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Arena - The Seventh Degree of Separation CD (album) cover





3.47 | 346 ratings

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4 stars The seventh album in their almost twenty year history, Neo-progger's Arena's `The Seventh Degree of Separation' from 2011 has proven to be a rather controversial and divisive album in their discography. While the British band have frequently offered a heavier take on the Neo sub-genre, this album presents a collection of shorter, more compact heavy AOR pieces, with fewer extended instrumental passages than found on their previous discs. While that is initially quite underwhelming and a disappointment, the trick here is to pay attention to the strong song-writing, catchy choruses and tightly reigned in but nicely implemented instrumental flourishes. Arena has offered plenty of stronger works in their career, but the idea that this is a dud of an album is completely false! Besides, any band that boasts Pendragon keyboard supremo Clive Nolan, John Mitchell of It Bites/Kino, John Jowitt of Jadis/I.Q and ex-Marillion drummer Mick Pointer will certainly deliver the goods. New vocalist Paul Manzi replaces Rod Sowden from the three previous Arena studio discs, and he makes a confident and memorable debut on this dark concept album about passing over to the other side.

There's so much confidence instantly on display throughout opener `The Great Escape', as Manzi sings unaccompanied before the band erupts into bombastic crunching heaviness. Instantly the sleek gutsy sound that will dominate this album is present, with plenty of bombast and heightened drama. Despite Nolan seemingly being quite low-key throughout the disc, he's constantly offering very subtle and classy contributions, and his gothic choir synths as the rest of the band flex their metal muscle in the up-tempo riffing finale is addictive! `Rapture' is all snarling riffs over cooled synths with a chest-beating chorus, and foot-taping driving up-tempo rocker `One Last Au Revoir' boasts an impossibly catchy chorus with an infectious and joyous classic Neo guitar and synth solo burst in the middle. `The Ghost Walks' is a chilly spoken word passage over spectral synth choirs, `Thief of Souls' moves back and forth between ghostly piano passages and brooding harder blasts (cool thicker bass from Jowitt leaping out in these spots too), and `Close Your Eyes' is an introspective AOR pop/rocker with a soaring vocal.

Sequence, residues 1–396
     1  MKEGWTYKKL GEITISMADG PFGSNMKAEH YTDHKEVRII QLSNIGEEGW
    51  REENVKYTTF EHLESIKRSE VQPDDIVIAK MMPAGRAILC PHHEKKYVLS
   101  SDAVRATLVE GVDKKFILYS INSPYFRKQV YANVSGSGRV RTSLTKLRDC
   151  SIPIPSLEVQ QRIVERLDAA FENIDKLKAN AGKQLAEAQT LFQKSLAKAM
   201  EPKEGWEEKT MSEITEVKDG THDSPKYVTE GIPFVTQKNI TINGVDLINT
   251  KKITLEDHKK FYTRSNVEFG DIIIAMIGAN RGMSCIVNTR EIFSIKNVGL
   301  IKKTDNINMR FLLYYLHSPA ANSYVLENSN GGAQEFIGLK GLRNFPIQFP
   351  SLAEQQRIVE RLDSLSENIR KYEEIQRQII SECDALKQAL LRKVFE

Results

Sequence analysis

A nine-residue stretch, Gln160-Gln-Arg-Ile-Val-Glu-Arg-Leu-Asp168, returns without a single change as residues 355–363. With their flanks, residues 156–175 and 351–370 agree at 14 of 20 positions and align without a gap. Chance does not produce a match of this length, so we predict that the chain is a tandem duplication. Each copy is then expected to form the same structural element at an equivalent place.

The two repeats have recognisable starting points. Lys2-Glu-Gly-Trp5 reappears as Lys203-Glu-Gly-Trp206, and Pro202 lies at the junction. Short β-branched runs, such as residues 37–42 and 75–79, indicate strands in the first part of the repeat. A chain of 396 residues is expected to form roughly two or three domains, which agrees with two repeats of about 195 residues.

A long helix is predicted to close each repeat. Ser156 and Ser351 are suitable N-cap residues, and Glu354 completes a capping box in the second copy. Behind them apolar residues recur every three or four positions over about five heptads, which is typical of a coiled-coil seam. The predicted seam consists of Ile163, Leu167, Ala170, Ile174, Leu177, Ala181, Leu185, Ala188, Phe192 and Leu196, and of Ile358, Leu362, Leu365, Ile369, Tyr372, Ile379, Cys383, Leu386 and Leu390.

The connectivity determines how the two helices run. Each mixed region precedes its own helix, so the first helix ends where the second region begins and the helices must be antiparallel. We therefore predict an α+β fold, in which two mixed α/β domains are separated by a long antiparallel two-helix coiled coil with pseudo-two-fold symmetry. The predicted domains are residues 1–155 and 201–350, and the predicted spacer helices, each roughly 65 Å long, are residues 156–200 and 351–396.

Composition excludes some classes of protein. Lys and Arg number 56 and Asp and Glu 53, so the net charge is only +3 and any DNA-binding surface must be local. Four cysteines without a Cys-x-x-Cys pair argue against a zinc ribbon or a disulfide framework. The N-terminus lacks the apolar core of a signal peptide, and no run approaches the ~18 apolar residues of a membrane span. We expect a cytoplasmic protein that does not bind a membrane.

`Echoes of the Fall' is a frantic heavy-metal interlude with skittering electronic loops and pulsing bass, then the whole band bring immense power to `Bed of Nails', with plenty of sophistication from the chiming guitars, classical organ and a booming grand chorus. The reflective `What If' delivers another of the strongest chorus, sung with great conviction by Manzi over flowing symphonic synths from Clive, and John Mitchell's guitar solo following the vocal melody before taking flight in the final seconds is simply lovely. `Trebuchet' is a stream-of-consciousness outburst. Then, all in four and a half minutes, the gothic `Burning Down', another album highlight, works in ebbing electronics, a darkly crooned vocal and spiraling organ married to heavy riffing with not one, but two equally memorable choruses! `All signs are gone now of my tedious insistence' is a very bleak lyric in this piece. `Catching The Bullet' is the proggiest and longest piece here at almost eight minutes. The extended time allows for plenty of drama and tension to this mix of an emotional AOR chorus, overwhelming organ, cascading piano, Pointer's rolling drum fills, grumbling bass and a victorious guitar solo finale during the only extended instrumental passage of the album in the second half. The album closes on the somber yet hopeful power ballad `The Tinder Box'.

Although listeners should probably investigate most of their other albums before this one, and the hard rock/AOR direction may be a little too straight-forward for some, `The Seventh Degree of Separation' is still very recognizable as Arena, and it mostly maintains a strong consistency throughout. It contains a handful of Arena classics, plenty of worthwhile compositions and just a couple of throwaway moments, but it's still a worthwhile album all the same, one that proves to be a real grower and holds a very distinctive identity in the Arena catalogue. Don't write it off on the first few plays, give it several spins and let it reveal it's strengths, and you'll be rewarded with a fine, inspired album from this terrific Neo band. If you do enjoy it, also look into the `Rapture' live DVD where frontman Manzi proves to be a very charismatic presence and the band gives the music from this album a slightly pumped up proggy toughness!

Three and a half stars, rounded up to four.

(This review is dedicated to Archives member Progbethyname, aka Nick, who's the biggest Arena fan I know!)

Aussie-Byrd-Brother | 4/5 |


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